Fingerprint technology, which can profile the lifestyle of suspects through trace chemicals could soon be used in British courts.
Eating habits, drug addictions, and personal grooming products such as hair gel all leave telltale molecules trapped in our fingerprints—which can stay there for decades.
Since 2011 a team at Sheffield University has been refining a technique to pinpoint those molecules, with access to real crime scenes. According to the BBC, the Home Office believes that the new technique is now robust enough to be used in courts within months.
The technique can identify the gender of the person, and whether or not they have touched human or animal blood. It can even reveal what the suspect has been eating or drinking, and drugs such as cocaine, THC (Cannabis) and amphetamines.
With blood remaining in fingerprints for over 30 years, the new method could potentially re-open cold cases.
The project lead Dr Simona Francese told the BBC, “When you think about what a fingerprint is, it’s nothing else but sweat and sweat is a biological matrix.”
“It contains molecules from within your body but also molecules that you have just contaminated your fingertips with, so the amount of information there potentially to retrieve is huge.”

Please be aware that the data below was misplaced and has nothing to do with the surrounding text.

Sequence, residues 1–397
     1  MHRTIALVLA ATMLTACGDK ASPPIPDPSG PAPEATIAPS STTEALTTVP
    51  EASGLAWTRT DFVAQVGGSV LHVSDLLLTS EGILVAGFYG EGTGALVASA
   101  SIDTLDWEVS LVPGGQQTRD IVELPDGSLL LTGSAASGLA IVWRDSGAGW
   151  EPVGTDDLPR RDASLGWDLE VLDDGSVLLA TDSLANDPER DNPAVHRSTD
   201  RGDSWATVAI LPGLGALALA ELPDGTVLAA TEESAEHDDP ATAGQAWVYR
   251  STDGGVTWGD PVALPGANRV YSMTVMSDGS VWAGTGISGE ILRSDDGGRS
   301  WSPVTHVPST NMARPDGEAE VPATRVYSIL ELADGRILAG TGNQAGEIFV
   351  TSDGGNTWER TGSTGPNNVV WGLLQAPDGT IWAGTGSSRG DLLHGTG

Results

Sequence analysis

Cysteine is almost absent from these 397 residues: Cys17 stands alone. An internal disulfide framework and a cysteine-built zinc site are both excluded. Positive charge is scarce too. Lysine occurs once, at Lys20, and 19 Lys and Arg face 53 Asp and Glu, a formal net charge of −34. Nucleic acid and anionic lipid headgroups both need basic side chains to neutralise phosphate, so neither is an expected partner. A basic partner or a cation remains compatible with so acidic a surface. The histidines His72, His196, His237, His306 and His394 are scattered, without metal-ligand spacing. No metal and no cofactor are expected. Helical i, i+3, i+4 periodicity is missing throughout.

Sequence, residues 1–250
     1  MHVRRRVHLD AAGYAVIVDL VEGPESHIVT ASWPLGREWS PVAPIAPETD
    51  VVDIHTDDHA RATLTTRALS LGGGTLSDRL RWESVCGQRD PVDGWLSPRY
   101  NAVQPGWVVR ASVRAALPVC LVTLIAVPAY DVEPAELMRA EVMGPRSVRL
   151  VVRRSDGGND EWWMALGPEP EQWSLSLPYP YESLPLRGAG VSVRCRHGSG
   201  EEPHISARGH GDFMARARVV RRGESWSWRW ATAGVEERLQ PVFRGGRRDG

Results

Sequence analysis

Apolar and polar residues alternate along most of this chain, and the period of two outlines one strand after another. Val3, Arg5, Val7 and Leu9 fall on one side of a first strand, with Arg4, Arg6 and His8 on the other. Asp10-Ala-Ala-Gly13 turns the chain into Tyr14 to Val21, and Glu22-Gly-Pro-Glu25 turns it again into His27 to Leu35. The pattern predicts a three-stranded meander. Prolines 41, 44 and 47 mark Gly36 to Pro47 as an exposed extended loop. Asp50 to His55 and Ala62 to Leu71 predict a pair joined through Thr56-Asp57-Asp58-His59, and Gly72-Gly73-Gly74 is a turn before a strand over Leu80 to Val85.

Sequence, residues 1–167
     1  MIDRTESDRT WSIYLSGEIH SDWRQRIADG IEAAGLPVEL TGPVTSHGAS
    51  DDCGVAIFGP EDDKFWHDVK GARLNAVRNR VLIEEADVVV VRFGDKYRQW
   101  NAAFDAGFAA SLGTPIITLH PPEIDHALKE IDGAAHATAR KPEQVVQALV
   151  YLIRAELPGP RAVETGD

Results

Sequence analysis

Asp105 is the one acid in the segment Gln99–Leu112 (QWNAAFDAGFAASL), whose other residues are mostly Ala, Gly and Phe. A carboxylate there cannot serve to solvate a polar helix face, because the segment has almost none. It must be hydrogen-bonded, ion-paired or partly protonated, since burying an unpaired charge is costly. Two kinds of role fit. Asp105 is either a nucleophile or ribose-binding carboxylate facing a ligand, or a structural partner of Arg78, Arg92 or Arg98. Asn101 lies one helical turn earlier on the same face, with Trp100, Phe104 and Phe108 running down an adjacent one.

The molecules within the fingerprints are identified using a sophisticated version of mass spectrometry imaging, the same technology that allows astronomers to identify the molecular composition of stars millions of miles away.
Every molecule creates a signature spectrum of light wavelengths in certain conditions, which can be identified with the right equipment and analysis. The fingerprint technique works by vaporising the fingerprint and then using sophisticated laser equipment to reveal the signatures of the molecules.
Stephen Bleay at the Home Office told the BBC, “There’s a lot of scientific work going on, with Sheffield Hallam University and West Yorkshire Police visiting crime scenes looking at how this technique could fit in with the work flow of collecting conventional forensic evidence and other types of evidence, such as DNA and fibres.
“I think it’s fairly close to bottoming out all the questions that could be raised in court,” he said.
“It’s possible this is only months away from being used on casework.”
Back in 2014, the researchers had already demonstrated that the technique was compatible with current criminal investigation procedures.
Despite the cutting-edge tech, however, the team discovered a very low-tech solution to lifting fingerprints in preparation for the sophisticated identification process: the cooking spice, turmeric.